History and social studies teachers have always been good at using multimedia tools to help kids make sense of content. We understand how powerful the visual is and how it can help us do our jobs.

The problem?

Access. Creating an in-house video library can be incredibly expensive. Online services such as Youtube or Teachertube are often blocked in schools. Tools like NetFlix are a bit more user friendly but can still be clunky for educators.


picture-14You might try SnagFilms. SnagFilms is a relatively new online service that

is committed to finding the world’s most compelling documentaries, whether from established heavyweights or first-time filmmakers, and making them available to the wide audience these titles deserve. SnagFilms.com is a website where you can watch full-length documentary films for free, but we’re also a platform that lets you ‘snag’ a film and put it anywhere on the web.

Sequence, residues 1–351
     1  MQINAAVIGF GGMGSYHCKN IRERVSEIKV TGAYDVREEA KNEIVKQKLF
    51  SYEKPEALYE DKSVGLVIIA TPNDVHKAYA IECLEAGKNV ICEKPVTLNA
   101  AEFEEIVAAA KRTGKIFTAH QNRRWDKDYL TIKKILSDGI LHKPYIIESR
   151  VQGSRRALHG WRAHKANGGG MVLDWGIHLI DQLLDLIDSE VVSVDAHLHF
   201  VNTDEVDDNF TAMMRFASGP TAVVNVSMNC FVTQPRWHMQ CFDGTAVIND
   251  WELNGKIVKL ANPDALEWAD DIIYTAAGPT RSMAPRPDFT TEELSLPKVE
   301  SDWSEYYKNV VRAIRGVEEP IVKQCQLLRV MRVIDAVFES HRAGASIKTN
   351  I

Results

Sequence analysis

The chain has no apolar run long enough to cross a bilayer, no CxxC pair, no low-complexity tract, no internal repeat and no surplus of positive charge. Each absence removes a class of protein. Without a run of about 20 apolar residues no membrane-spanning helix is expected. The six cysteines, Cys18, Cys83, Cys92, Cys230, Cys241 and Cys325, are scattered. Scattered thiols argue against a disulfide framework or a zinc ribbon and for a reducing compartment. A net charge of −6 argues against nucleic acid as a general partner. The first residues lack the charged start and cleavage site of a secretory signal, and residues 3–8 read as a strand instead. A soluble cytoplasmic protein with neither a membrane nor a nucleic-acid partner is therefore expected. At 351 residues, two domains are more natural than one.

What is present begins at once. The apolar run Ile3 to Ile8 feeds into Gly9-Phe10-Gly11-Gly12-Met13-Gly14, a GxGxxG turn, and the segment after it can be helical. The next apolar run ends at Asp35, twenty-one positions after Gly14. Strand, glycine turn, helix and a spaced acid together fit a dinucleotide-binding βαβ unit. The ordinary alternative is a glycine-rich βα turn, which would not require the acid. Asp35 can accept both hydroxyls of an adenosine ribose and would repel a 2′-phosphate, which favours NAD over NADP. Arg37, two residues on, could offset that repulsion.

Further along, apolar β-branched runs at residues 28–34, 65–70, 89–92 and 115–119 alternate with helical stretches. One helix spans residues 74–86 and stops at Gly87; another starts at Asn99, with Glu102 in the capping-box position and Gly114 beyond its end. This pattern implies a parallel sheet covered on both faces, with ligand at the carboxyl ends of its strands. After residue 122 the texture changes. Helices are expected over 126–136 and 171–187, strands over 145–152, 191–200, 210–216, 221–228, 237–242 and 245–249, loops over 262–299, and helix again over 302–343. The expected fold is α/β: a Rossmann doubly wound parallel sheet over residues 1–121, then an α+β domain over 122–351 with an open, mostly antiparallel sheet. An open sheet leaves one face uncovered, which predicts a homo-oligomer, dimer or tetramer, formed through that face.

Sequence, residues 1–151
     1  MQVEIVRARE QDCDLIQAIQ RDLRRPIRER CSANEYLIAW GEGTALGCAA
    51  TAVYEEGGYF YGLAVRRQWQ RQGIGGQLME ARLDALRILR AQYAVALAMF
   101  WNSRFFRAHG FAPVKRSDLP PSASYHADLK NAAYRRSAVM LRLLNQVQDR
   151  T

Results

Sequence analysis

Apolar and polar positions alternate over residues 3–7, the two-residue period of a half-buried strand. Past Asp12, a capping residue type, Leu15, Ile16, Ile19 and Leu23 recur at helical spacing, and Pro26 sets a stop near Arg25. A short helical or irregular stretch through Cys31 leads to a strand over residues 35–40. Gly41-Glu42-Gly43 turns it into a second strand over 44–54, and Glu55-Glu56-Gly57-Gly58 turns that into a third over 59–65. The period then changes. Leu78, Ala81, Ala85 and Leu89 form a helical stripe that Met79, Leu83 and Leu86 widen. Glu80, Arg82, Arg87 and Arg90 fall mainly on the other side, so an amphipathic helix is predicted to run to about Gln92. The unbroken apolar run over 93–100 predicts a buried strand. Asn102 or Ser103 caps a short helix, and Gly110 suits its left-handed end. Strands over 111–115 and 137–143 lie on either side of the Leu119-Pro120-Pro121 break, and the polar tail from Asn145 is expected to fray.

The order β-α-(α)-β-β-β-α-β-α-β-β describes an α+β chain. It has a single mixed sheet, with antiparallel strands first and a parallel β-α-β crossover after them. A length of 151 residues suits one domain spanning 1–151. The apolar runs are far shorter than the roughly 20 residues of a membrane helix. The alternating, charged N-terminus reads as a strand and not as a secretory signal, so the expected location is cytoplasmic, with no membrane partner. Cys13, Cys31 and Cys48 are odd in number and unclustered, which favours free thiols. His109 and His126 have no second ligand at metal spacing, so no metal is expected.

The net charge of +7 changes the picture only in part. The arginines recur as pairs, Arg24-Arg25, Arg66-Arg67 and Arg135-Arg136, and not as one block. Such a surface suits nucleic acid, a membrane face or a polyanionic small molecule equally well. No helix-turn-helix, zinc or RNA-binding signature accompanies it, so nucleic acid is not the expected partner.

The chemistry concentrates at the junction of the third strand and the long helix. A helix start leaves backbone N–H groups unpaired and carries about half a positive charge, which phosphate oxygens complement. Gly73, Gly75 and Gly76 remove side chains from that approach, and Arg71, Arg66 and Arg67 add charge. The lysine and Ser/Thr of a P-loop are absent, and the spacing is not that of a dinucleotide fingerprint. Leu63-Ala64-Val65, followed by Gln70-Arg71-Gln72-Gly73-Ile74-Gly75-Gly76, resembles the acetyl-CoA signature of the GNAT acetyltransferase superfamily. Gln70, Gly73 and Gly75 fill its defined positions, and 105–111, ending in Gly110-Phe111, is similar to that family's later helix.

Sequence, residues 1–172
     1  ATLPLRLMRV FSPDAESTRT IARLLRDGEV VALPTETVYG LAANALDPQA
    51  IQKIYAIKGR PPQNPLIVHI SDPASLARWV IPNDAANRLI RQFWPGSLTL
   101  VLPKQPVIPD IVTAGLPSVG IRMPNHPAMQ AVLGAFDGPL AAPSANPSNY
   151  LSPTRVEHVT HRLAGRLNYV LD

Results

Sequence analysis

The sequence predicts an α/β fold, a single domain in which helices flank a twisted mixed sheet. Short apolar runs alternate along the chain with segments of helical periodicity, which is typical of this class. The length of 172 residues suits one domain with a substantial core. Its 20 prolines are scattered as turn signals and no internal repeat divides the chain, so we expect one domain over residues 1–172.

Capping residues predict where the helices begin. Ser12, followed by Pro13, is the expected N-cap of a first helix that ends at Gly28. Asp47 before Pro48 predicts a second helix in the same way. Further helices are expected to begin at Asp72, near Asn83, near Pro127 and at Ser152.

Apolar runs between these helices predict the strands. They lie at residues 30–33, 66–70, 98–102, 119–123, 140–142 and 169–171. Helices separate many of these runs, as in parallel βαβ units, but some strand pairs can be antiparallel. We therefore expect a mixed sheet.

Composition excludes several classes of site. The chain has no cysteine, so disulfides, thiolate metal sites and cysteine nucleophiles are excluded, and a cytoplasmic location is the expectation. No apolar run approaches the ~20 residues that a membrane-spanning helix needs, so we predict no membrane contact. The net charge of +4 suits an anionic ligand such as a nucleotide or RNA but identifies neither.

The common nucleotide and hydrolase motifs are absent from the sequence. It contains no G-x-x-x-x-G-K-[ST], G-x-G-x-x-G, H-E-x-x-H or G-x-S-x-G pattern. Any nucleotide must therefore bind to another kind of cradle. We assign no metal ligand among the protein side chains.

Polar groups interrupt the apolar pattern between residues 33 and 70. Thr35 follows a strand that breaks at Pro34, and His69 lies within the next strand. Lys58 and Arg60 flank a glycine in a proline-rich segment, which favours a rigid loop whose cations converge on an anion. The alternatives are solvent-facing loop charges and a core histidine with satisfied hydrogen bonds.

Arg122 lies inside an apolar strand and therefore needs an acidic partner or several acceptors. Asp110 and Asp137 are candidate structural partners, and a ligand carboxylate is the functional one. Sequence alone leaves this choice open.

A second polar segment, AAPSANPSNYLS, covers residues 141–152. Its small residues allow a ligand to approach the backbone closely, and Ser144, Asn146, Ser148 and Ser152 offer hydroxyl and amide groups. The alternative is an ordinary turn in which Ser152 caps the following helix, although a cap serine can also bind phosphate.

They’ve created financial arrangements with a variety of film makers allowing them to host and stream tons of useful videos. National Geographic and PBS, as well as a mix of independent film makers, have agreed to release educational videos to SnagFilms. I was able to find great stuff on ancient civilizations to Pearl Harbor to Jamestown to Iraq to mummies to the great film Paperclips.

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So instead of struggling to find appropriate videos for instruction, check out SnagFlims.